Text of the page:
BANK of England boss Mark Carney has said interest rate hikes are still on the cards after Britain’s growth outlook was upped this year despite Brexit uncertainties.

The bank held rates at 0.75%, but Carney stressed that financial market expectations that a hike will not come until the end of 2021 would not be enough to keep inflation to the 2% target.

He said a Brexit resolution with a smooth transition will require “more frequent” rate increases, although he stressed these would be limited and gradual.

The comments came as the bank upped its growth forecast to 1.5% this year, up from the paltry 1.2% predicted in February thanks largely to a more stable global economic outlook.

It also increased its gross domestic product (GDP) growth outlook to 1.6% in 2020 and 2.1% in 2021, up from 1.5% and 1.9% previously.

Carney said: “We could see a period where the economy is growing and pressures continue to build despite this uncertainty.

“If a Brexit resolution is some form of arrangement with some smooth resolution to it, it will require rate increases, and more frequent rate increases than the market currently expects.”

The bank’s latest quarterly inflation report revealed it expects a first-quarter growth spurt thanks to Brexit stockpiling, but cautioned the boost will prove to be temporary as uncertainty reigns.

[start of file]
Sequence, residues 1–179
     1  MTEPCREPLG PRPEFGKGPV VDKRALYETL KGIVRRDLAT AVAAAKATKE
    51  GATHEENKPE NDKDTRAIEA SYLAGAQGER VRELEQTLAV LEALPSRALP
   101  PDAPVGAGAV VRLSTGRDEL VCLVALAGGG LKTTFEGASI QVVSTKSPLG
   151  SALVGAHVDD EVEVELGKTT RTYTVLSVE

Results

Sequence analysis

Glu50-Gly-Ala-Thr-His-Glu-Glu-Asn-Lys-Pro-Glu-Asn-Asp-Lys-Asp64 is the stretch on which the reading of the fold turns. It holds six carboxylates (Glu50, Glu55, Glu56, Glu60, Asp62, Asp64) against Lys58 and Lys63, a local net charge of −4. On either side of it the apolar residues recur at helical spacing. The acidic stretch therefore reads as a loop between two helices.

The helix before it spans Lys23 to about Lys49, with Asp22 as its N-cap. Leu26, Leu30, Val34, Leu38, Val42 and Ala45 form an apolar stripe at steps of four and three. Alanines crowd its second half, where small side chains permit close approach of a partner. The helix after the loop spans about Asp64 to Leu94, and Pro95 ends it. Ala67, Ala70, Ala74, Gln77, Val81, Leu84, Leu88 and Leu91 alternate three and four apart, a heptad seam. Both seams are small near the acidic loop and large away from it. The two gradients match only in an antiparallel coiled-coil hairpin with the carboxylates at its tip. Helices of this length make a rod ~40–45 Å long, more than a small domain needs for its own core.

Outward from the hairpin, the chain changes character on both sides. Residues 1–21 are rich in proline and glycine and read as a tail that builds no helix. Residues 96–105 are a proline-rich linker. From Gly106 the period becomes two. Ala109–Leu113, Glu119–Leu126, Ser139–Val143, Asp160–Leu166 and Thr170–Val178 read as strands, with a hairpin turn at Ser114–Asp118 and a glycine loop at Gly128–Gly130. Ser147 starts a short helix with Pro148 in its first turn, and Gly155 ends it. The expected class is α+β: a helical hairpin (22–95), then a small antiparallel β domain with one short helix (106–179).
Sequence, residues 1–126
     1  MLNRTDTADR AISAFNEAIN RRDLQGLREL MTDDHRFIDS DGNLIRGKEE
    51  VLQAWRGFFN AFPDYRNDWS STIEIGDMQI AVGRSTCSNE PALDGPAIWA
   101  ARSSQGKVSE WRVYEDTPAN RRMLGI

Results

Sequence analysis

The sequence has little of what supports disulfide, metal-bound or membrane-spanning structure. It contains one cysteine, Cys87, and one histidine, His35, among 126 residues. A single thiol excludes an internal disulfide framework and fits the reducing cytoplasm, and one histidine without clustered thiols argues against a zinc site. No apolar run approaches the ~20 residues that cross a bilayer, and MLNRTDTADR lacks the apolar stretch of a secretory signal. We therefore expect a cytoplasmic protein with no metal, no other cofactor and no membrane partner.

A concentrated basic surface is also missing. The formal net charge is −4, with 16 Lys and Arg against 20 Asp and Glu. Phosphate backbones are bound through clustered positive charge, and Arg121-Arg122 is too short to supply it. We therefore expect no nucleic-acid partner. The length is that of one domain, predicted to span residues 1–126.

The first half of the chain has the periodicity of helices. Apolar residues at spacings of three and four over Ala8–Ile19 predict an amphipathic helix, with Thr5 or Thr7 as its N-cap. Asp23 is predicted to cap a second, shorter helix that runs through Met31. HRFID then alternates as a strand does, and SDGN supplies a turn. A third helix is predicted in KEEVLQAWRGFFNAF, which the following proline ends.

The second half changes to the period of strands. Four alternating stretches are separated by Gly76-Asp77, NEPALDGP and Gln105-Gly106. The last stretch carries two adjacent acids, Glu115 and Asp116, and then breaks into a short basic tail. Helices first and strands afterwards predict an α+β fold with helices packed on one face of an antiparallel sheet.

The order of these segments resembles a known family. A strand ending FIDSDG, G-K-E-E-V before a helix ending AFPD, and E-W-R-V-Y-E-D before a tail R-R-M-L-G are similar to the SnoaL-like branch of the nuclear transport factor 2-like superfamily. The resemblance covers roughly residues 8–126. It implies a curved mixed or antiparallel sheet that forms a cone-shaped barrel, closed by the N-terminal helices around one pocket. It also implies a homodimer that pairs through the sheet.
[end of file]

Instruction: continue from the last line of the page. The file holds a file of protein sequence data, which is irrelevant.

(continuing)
In minutes of the unanimous rates decision, the Bank said it now expects growth to surge to 0.5% between January and March, up from 0.2% in the final quarter of 2018, after firms stockpiled heavily in the run-up to the original March 29 Brexit deadline.

But it warned the fillip will fade fast, with growth set to slow sharply to 0.2% in the second quarter and remain “subdued” in the face of Brexit uncertainties.

Carney stressed that while the global economic outlook has improved, “domestic tensions remain”.

The bank report warned the Brexit delay to October 31 will only prolong the slump in business investment, which has been falling for a year as firms put spending decisions on hold amid uncertainty over a Brexit deal.

Carney said: “The latest business investment intentions surveys point to further declines over the next few quarters, which would mark the longest run of falling investment in the post-war era.”

The bank said in spite of the first-quarter growth boost, the underlying rate of expansion is “slightly stronger than previously anticipated, but marginally below potential” in the face of Brexit uncertainty.

It added: “As new Brexit deadlines approached, it was possible that businesses would continue to worry about adverse outcomes and delay capital spending as they waited for a resolution to emerge.”

Consumer spending is holding up well, however, according to the Bank, despite easing conditions in the property market.

More businesses are also now prepared for a possible no-deal Brexit, with Bank survey results showing two-thirds of firms are prepared, although many of those believe they are as “ready as they can be”.

In a worrying sign for the economy, firms have informally told the bank they do not plan to restart spending while the Brexit uncertainty continues.